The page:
Title: Little Bee
Author: Chris Cleave
Page Count: 271 pages
Genre: Literary Fiction
Tone: Character-Driven, Moving
Little Bee, a young Nigerian refugee, and Sarah, a posh young mother, face a disturbing past and an uncertain future with the help of Sarah’s four-year-old son, Charlie, who refuses to take off his Batman costume. A sense of humor and an unflinching moral compass allow each woman, and the reader, to believe that even in the face of unspeakable odds, humanity can prevail.
These book discussion questions are highly detailed and will ruin plot points if you have not read the book.
Questions composed by MPPL Staff
The Library is happy to share these original questions for your use. If reproducing, please credit with the following statement: 2015 Mount Prospect Public Library. All rights reserved. Used with Permission.
- 1. Did you know much about the story before you began? Would it have changed your experience of the story if you had known more detail?
2. How did it affect your reading experience to have two narrators? Did you trust one woman more than the other? Did you prefer the voice of one above the other?
3. How did you respond to the non-linear storyline?
4. Cleave has said that the four questions he asks of his characters are: What was the best day of your life? What was the worst day of your life? What do you hope for? And what are you afraid of? – he believes if you think about these, the author can understand the character as an individual and not just as an exemplar of a category of people. Do you see evidence of this in Bee? Sarah? Others?
5. In Britain, Little Bee was published under the title The Other Hand. Which do you think is a better title for the book? What aspects of the novel does each title highlight?
6. Do you think American readers might approach the book differently from British readers? What might be lost on them? What about the story is universal?
7. Cleave intentionally focuses his books on current events and the ethical dilemmas of today. This approach has gotten him both good and bad press. What debates might be started from Little Bee? Are these questions easily answered?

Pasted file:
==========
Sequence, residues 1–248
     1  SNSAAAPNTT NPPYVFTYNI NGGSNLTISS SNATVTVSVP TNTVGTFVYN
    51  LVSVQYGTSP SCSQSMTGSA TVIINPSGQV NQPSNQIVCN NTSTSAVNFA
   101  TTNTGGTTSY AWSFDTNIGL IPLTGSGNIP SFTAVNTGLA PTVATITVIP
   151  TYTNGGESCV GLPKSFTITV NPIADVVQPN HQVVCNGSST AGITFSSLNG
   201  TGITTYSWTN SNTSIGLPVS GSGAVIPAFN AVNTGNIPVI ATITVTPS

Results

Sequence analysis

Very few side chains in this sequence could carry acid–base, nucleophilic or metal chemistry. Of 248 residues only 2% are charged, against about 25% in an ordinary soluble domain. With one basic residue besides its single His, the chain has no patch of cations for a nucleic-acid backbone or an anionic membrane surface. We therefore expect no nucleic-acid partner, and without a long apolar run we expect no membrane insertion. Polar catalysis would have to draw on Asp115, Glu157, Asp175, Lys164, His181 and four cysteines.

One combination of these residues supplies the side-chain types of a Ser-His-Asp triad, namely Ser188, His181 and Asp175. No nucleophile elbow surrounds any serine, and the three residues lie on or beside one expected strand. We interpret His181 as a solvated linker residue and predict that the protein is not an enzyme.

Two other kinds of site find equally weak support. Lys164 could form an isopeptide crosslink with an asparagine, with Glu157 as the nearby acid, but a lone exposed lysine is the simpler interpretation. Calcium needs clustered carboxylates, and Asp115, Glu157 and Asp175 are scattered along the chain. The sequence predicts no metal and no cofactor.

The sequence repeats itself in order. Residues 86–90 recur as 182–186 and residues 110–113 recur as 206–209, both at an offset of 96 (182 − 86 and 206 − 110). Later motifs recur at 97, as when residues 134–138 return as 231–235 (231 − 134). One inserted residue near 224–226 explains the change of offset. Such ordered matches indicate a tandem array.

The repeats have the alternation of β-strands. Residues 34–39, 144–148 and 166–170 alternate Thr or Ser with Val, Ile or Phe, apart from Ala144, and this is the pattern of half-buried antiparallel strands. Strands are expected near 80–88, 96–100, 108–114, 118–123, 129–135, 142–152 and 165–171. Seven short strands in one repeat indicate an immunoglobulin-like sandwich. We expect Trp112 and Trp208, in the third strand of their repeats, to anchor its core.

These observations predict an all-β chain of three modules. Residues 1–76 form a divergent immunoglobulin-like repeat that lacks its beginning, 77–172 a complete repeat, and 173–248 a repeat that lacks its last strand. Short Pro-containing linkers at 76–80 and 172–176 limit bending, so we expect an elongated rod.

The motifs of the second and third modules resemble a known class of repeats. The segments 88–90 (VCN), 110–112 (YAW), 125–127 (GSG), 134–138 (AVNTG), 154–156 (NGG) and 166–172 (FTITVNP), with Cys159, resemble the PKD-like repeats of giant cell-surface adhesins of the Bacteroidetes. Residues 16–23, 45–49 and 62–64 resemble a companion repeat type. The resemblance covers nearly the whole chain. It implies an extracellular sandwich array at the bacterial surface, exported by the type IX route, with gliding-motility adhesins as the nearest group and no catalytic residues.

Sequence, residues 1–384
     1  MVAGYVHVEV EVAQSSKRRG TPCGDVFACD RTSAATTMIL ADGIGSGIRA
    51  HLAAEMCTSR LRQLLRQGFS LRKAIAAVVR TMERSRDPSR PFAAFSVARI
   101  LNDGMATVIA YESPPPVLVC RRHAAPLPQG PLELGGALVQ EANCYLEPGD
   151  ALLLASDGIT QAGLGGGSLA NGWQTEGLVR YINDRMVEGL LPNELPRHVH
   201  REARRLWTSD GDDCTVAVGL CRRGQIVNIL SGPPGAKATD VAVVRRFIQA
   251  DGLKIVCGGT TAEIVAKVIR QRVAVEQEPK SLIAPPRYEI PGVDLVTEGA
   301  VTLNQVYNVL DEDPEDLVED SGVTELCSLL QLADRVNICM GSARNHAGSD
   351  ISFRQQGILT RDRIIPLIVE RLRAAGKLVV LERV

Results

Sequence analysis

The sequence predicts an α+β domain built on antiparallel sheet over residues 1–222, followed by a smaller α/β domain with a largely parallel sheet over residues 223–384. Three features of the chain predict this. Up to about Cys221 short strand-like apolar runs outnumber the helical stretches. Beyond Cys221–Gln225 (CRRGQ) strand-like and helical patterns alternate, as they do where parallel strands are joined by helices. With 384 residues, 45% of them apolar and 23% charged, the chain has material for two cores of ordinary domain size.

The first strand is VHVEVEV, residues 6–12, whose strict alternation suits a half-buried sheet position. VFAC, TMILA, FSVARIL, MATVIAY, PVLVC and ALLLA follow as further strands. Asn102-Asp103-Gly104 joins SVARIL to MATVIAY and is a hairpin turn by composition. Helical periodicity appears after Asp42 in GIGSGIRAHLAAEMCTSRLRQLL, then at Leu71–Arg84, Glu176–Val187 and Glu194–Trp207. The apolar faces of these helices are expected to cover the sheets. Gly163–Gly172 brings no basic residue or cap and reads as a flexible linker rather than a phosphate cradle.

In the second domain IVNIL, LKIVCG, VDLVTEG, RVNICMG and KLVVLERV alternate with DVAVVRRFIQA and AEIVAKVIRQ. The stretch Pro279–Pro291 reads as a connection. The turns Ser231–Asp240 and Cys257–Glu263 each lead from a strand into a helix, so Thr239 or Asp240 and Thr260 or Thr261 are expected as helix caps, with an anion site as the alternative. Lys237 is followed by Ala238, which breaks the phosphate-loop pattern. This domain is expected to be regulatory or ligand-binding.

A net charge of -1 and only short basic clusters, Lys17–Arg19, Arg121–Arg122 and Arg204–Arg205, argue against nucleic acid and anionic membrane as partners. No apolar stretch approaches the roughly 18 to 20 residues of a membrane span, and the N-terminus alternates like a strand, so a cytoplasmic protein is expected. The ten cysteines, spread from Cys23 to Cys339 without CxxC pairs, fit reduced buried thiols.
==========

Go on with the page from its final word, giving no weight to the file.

8. Sarah comments early in the book (p.22) that “death, of course, is a refuge.” How is this illustrated in the story?
9. Why do you think Andrew refused to cut off his finger but Sarah was able to? Do you blame Andrew?
10. Do you think Bee is as culpable in Andrew’s death as he was in her sister’s?
11. Does Sarah’s discovery of Andrew’s research and possible book redeem him at all in your eyes?
12. Whom did you like better, Andrew or Lawrence?
13. In an interview, Cleave explains that Charlie is in the book for two reasons:
First, because he is funny and lovable – he gives the novel an emotional center; a reason for the adult protagonists to not simply walk away from the situation and disperse. Second, Charlie is a study in the early formation of identity. Little Bee is a novel about where our individuality lies – which layers of identity are us, and which are mere camouflage. So it’s a deliberate choice to use the metaphor of a child who is engaging in his first experiments with identity – in Charlie’s case by taking on the persona of a superhero.
What did Charlie’s presence mean to you?
14. Language is an important theme in Little Bee.
- -Where do we see examples of this? Why?
- -How does Bee’s grasp of language compare with Charlie’s? How does the way each of these two characters handle the English language help to characterize them?
- -What about the author’s language, i.e., his writing and choices of phrase
15. What does Udo changing her name to Little Bee symbolize for you? How does her new name offer her protection? Do you think the name suits her? What about “London Sunshine”? When is her real name revealed? What significance is there?
16. Why do you think Little Bee feels hope at the end of the novel despite her dire circumstances? Is the ending meant to be tragic or hopeful?
17. Little Bee says of horror films, “Horror in your country is something you take a dose of to remind yourself that you are not suffering from it” (p. 45). Do you agree? Was reading this novel in any way a dose of horror for you?